Companies can own many types of intellectual property, including patents and trademarks. Technical innovations are usually protected through patents so the inventor can control their rights to commercialize production, use, distribution and sales during the protected period (20 years in the US) in the territories covered by the patent. Patents do provide technical information that may inspire other inventions, and may be available for license. Patent searching can be helpful during research of:
See the World Intellectual Property Organization for more background. (Note, ultimately these determinations involve legal opinion.)
International Patent Classification Chemistry related patents are granted in the following areas:
From WIPO: In conducting an Freedom-to-Operate (FTO) search and analysis, it is worth bearing in mind that some of the limitations on patents also offer potential opportunities. For example:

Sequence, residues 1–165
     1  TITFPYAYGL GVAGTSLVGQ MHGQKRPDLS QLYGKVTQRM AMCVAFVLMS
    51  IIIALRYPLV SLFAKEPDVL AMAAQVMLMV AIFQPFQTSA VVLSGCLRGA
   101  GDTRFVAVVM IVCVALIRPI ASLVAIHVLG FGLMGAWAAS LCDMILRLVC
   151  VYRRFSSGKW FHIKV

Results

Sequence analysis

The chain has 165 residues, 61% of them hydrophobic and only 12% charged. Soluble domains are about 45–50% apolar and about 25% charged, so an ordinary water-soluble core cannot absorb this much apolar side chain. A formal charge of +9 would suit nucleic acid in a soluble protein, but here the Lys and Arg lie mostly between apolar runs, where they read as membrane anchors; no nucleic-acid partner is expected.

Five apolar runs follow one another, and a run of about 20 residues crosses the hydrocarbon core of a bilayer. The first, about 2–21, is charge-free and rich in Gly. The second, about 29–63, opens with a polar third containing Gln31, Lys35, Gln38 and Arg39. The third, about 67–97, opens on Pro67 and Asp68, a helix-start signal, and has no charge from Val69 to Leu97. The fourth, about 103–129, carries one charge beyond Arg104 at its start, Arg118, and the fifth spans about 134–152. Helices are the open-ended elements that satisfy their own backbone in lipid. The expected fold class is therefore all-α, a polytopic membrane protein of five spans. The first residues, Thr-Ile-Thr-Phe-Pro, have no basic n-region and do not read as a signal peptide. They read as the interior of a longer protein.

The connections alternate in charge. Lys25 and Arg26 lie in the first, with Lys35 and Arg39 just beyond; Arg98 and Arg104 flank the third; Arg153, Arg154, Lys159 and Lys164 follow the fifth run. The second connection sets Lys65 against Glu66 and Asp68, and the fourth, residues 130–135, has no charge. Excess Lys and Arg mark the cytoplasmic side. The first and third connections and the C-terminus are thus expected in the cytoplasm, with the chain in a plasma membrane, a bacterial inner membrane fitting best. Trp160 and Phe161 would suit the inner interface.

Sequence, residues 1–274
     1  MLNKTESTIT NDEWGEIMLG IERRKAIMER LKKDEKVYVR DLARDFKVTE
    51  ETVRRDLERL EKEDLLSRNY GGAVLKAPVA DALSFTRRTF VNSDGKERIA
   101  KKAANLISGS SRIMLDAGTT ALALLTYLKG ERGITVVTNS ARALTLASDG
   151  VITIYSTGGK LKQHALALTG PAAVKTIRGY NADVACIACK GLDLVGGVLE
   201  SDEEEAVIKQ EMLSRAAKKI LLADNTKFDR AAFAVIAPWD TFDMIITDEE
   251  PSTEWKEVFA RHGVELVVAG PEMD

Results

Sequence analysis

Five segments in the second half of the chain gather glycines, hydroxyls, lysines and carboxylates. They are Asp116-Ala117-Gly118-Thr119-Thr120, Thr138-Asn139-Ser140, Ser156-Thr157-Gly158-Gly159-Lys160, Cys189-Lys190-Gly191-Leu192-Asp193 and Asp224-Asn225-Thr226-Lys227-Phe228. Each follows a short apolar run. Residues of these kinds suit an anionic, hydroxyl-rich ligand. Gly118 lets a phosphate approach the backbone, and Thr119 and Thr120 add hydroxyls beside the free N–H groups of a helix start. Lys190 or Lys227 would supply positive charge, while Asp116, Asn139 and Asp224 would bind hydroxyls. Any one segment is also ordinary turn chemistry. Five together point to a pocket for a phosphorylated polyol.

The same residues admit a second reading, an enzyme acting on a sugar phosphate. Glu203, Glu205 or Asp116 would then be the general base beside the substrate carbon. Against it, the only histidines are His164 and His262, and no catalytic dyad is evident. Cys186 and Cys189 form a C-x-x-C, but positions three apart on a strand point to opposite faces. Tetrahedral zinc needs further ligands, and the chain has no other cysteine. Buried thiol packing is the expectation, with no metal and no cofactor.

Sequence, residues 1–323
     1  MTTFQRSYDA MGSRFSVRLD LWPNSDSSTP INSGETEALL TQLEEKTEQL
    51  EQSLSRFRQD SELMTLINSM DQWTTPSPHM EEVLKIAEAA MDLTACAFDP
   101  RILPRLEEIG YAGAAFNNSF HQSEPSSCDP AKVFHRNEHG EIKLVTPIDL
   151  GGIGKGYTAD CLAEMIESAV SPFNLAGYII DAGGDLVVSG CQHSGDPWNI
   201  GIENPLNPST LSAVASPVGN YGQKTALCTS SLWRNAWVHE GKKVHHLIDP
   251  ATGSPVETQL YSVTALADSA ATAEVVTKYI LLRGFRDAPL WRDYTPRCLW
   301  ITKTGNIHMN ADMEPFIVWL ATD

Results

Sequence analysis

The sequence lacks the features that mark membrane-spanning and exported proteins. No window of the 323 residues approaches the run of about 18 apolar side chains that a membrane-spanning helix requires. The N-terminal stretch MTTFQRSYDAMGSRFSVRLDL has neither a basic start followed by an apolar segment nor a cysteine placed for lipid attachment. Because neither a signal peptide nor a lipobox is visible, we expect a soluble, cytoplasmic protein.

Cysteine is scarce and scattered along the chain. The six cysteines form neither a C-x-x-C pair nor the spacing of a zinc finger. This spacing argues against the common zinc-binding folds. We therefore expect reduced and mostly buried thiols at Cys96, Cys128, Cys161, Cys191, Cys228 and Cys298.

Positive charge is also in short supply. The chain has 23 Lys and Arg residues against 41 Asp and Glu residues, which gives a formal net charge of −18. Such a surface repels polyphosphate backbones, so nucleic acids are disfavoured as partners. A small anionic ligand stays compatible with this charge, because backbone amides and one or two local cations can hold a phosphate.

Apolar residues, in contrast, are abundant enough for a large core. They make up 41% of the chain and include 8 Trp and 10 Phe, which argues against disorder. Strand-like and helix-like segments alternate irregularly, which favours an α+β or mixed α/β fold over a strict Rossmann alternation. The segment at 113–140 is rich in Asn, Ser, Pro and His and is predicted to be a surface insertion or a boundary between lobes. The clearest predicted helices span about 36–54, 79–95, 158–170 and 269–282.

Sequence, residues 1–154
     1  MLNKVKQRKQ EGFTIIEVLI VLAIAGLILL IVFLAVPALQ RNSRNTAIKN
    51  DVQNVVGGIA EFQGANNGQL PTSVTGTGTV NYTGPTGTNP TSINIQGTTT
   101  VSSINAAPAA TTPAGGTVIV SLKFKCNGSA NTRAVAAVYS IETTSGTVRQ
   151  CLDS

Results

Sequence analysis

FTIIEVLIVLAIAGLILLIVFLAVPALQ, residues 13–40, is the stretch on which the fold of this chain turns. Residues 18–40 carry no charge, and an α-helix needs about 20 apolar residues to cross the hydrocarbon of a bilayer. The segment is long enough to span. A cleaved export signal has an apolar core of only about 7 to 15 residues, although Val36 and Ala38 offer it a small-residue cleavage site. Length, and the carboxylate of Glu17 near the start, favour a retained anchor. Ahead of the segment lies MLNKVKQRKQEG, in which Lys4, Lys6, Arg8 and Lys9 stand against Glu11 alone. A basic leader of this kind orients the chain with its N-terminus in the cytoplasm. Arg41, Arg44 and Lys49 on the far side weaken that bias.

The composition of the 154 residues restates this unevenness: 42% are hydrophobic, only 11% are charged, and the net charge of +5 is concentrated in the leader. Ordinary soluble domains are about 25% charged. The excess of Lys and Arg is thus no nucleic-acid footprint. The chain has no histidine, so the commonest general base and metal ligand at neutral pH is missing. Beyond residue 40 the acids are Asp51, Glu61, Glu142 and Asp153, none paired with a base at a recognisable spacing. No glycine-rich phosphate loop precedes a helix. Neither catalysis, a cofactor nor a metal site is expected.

Patents can be searched by classification code or keyword. Results from keyword searching will vary both by the technical language used as well as the database algorithm for synonyms, etc.
Patent regulation varies internationally, and many patents are filed in multiple authorities, such as the United States Patent & Trademark Office (US), the European Patent Office (EP), and the China Patent & Trademark Office (CN). A list of patent country or authority codes are available via ESpaceNet. Information about the multiple filings (patent families) can be found in most patent databases.
The USPTO issues several types of patents:
Kind Codes provide additional information about the type and status of a patent (for example A1: Patent Application Publication).